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indiemojoe 14th November 2011 11:10 PM

First amp build filter cap qustion...
Hello all!

First post here. I am in the p2p layout stages for my build of a Trace Elliot Velocette/Gibson GA-15.

Scroll down for actual question, summary of the build is first.

Just sold my oh so heavy ga-30rvs because mu back hated me. Love, love, love the tone, hated the reliability issues. It was essentially two velocettes with a shared preamp and stereo power amp. I can get the same tone in a small, reliable p2p mono head and be loving life!


I will be removing the bright switch as the amp is freaking bright enough as is (brits...). I will also be blowing out the, quite nifty, if I may say, single tone control to a full TMB rather than fixed bass and dual ganged treble/reverse mid with a resistor strapped across the top to make it the correct value. I quite like the single tone control, it won't let you get a bad sound. In the studio, however, I figure it wouldn't hurt to have some more options, extreme as they may be, for an effect.


Filter cap placement. What are the up/down sides of using chassis mounted cap cans rather than a filter cap fiberboard? I don't need boutique, ultra-linear, $60/ea hi-fi filter caps for guitar applications so I have some can options.

My reason is to cut down on internal space allowing the use of a smaller chassis, my hesitancy is lines of flux surrounding the caps. I know the interplay between components can make a great circuit sound not so great, or help a mediocre circuit have that "magic".

I know its dorky minutia, but hey, that is what we do, right?!

Any input highly valued. (as long as it is of ample impedance :p )


aardvarkash10 15th November 2011 12:03 AM

Cap cans are fine if you specifically want that "old skool" look.

In practise, axial or radial standard construction caps will allow you to place them closer to where they are needed, reduce cost, and potentially ease component selection and replacement (if you intended using a multi-section can capacitor).

Sonically? Meh, I wouldn't think there's a lot to pick assuming similar value parts, but others will disagree.

indiemojoe 15th November 2011 12:15 AM

Alright, sweet. Thank you very much. Good points all. I tend to agree with your meh perspective of placement vs the "Eric Johnson" method. 1/2" mic placement change has 100x the affect of 4" cap placement change, though I figure if I am starting from scratch I can incorporate any superstition if only for good measure.

Any voodoo believers?

kevinkr 15th November 2011 05:17 AM

:cop: Lots of guys should be able to help out with this over in Instruments and Amps where I am moving it per forum policy.. :D

indiemojoe 15th November 2011 05:29 AM

BAH! My bad. I guess I didn't browse the forum as thoroughly as I should have.
Still interested in what the serious cap sniffers think of the placement. Those over here in inst & amps too?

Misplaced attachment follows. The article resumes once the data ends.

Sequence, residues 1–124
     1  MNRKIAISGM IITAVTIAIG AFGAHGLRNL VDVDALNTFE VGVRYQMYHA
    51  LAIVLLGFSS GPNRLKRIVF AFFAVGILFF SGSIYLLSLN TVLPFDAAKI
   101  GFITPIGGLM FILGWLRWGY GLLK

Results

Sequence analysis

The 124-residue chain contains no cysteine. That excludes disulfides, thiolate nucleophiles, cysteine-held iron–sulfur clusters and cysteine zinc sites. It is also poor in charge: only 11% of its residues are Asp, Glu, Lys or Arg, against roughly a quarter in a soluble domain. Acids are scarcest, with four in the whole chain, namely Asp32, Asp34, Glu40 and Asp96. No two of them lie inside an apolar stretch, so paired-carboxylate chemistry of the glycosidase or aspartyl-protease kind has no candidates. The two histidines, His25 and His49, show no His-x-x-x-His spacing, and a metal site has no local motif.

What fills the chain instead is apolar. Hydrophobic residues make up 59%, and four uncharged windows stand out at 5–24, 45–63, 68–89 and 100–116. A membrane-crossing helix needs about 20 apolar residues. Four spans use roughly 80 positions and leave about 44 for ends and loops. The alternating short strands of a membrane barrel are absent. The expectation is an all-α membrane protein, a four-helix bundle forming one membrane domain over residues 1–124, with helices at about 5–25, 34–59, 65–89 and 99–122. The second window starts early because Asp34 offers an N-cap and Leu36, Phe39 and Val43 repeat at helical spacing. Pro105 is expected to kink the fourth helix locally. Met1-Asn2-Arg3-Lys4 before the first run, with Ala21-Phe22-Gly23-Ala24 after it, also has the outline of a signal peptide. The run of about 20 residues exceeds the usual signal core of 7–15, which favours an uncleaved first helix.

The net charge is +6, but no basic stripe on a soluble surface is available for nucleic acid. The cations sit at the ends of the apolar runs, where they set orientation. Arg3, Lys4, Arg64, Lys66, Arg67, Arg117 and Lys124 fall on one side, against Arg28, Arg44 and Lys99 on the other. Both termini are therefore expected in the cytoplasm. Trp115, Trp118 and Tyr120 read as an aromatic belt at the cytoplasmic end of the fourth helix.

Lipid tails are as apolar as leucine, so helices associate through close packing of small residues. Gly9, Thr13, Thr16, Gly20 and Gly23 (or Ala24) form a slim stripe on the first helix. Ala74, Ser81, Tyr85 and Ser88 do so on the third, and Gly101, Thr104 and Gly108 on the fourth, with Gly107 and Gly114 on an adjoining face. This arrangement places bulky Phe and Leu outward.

Enzo 15th November 2011 08:05 AM

FIlter caps, which is what your can cap was, can be anywhere. They are not going to pick up radiated fields. If you are going to have a problem with something picking up fields from transformers, it is going to be sensitive grid wires runing to the tubes, not filter caps.This is a guitar amp, not a NASA satellite receiver. In the old days, for a given value cap, caps were much larger than they are today. The can cap allowed them to be outside the chassis, so they took up almost no room. Can caps today are a lot more expensive than using several individual caps.

If this is your first amp project, I'd recommend getting the basics down and honing your construction skills before concerning over subtle nuance of cap selection. At this point in your career, you are more likely to have tonal or performance issues from wire dress and actual construction than cap variations.

Places like Antique Electronic SUpply sells can caps in values suited to guitar amps, so check them out, compare prices to the individual caps they would replace. The main issues around selecting a multi-section can cap versus individual caps are space under the chassis and cost. Cut a chassis hole about the same size as for an octal socket, and mount the can cap over it. Underneath there will be the several solder lugs for the cap sections. Individual caps can be mounted all over the amp, they don;t have to be in a group. Electrically I don't care either way, I see no difference.

indianajo 15th November 2011 09:56 PM

When I recapped my 1968 organ in 2010 I used four can caps, $120, plus 66 of something else, radial lead electrolytics, under 10 uf film caps and ceramic caps (Aerovox gold 50V). The can caps aren't rated for life, and my experience with the ST70 amp says they are good for 8-10 years before power degradation and about 12-15 years before the water leaks out. I'm buying radial lead caps for my second third & fourth organ. I'm putting them on TRW terminal strips like those available from or or The best selection of caps seems to be, although has a lot of values. I'm putting the radials under the deck, in the case of cathode bypass caps right on the tube socket. I plug the can hole with a bit of steel mesh.
What is really cool about radial lead caps, you can buy them in 3000-8000 hour life rating. Maybe they aren't sealed with rubber! Maybe they will last more than 8 years !! has the life rating in the selector table, mouser you have to download the pdf file. Note the end of life spec'd is triple the leakage current at United Chemicon, versus that used by panasonic, nichicon, & rubicon. If you're doing tubes, buy a little 600v wire at, they are way cheaper than mouser & newark on wire.

escopunk 21st November 2011 09:30 PM

See, I love this forum, get all kind of usefull info.

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